For the better part of the 20th century, the Occomy family called 85 John Street their home. Walter Calvert Occomy and Nellie White Occomy, noted humanitarians and members of the city’s Black churches, purchased the house in 1914 and it was a hub of academic and civic pursuits. Looking back at the lives of the Occomys’ three daughters gives us some sense of a family whose activities shaped the past in ways that resonate in the present.
Ruth Occomy (1891-1945) came first. Born in 1891, she graduated from Hope High School and assisted at the Providence Shelter for Colored Children, where she decided to enter nursing. The Lincoln School for Nurses in the Bronx—at the time one of the few training schools that admitted Black students—initially rejected her application, citing her small stature. Known for her strong personality, Ruth persisted in gaining an acceptance, completed her degree in 1921, and followed up with a year of courses at Columbia University Teachers’ College.
While Ruth studied nursing, her younger sisters, Katherine (1893-1980) and Nell (1897-1953), attended Hope High School. In 1910, Katherine and her husband Lawrence welcomed a son. After a few years, Katherine moved to New York City where she worked as a maid and presumably pursued her career as a dancer. In 1919, the youngest Occomy sister, Nell, graduated with a teaching degree from the State Normal School (now Rhode Island College). Because of discriminatory hiring practices in Providence public schools she moved to Harlem to seek work.
Nell flourished in New York City. She taught junior high and, like Ruth, enrolled in a post-graduate program at the Teachers’ College. In the 1930s, she honed her talents as an arts and culture writer, weighing in on debates of national importance like birth control, writing profiles of Black playwrights, and working as editor-in-chief of The Krinon, magazine of Phi Delta Kappa, a Black sorority founded in 1921 in New Jersey.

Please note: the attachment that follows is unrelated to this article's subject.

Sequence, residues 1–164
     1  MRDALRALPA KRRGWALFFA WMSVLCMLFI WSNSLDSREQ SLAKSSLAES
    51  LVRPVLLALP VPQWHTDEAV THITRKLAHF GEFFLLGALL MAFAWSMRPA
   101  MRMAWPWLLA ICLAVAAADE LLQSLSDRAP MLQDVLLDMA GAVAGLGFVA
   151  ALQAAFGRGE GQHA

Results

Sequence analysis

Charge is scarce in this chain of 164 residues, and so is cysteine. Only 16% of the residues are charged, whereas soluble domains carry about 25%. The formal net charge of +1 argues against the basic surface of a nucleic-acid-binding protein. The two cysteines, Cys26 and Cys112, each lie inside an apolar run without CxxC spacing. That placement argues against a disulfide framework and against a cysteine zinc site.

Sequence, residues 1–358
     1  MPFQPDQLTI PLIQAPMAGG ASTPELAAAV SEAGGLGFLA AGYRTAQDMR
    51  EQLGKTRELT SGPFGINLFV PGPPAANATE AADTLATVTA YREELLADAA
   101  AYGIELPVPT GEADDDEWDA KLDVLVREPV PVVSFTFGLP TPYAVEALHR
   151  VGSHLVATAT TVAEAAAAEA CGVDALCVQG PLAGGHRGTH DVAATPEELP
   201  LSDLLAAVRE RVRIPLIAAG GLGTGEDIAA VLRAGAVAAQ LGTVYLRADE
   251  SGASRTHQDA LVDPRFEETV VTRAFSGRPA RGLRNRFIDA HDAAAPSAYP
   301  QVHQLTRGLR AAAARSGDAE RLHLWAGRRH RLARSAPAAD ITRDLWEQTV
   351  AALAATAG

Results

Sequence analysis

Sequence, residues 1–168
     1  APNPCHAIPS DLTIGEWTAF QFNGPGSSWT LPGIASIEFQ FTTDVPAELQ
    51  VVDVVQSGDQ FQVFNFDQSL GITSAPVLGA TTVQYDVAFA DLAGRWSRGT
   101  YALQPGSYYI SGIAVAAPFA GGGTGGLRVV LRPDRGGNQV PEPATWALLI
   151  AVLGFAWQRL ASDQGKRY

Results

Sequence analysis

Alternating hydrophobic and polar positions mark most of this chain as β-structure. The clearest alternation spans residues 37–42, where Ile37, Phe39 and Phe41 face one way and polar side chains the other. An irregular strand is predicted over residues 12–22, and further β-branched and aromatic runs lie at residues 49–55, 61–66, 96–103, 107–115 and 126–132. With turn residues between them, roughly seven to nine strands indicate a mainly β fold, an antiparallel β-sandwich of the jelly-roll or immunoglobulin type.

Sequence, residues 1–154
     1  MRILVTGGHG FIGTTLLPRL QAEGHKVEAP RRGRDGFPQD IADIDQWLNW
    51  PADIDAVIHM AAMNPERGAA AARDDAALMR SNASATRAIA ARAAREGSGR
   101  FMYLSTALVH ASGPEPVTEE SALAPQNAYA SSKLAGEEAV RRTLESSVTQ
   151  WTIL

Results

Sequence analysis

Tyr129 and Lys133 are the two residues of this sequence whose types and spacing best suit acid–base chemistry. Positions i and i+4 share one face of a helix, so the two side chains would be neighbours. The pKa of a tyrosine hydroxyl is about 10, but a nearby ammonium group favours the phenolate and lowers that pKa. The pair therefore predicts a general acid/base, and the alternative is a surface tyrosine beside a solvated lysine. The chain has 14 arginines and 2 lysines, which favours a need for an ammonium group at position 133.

Ruth’s profession took her further from home. After a 1927 send-off that included lectures and a chorus of 200 men at Olney Street Baptist Church, Ruth sailed to London to study tropical diseases with Dr. Pauline E. Dinkins. The two then departed for Monrovia, Liberia, where Ruth worked as a missionary nurse for several years. Even when seriously ill with malaria, Ruth was not ready to abandon her post, explaining in a letter to her parents that the hospital had noticeably improved the health of a community living in the “most humble of circumstances.”
Regardless of where their careers took them, the Occomy women felt the pull of home. Nell returned to 85 John Street with her husband Leslie E. Becker for the birth of their first child. She enjoyed friendships with Providence artists, including Nancy Elizabeth Prophet. Ruth returned to the Occomy home in the 1930s to stay. She practiced nursing until suffering from an illness that ended her life in 1945. Katherine came home in the 1930s and lived at 85 John Street for the next five decades. She worked as a palm reader and raised her son, while living at home with mom, dad, brothers, grandchildren, and a handful of family friends. Katherine’s activities garnered less publicity than her sisters’, but even so we know something significant about her. She fulfilled her mother’s desires for an enduring family legacy through 85 John Street:
“I give and devise to my daughter Ruth E. Occomy for and during her natural life the real estate situated at #85 John Street, then to the survivors of my children and their heirs [to] forever share and share alike” - Nellie White Occomy, 1941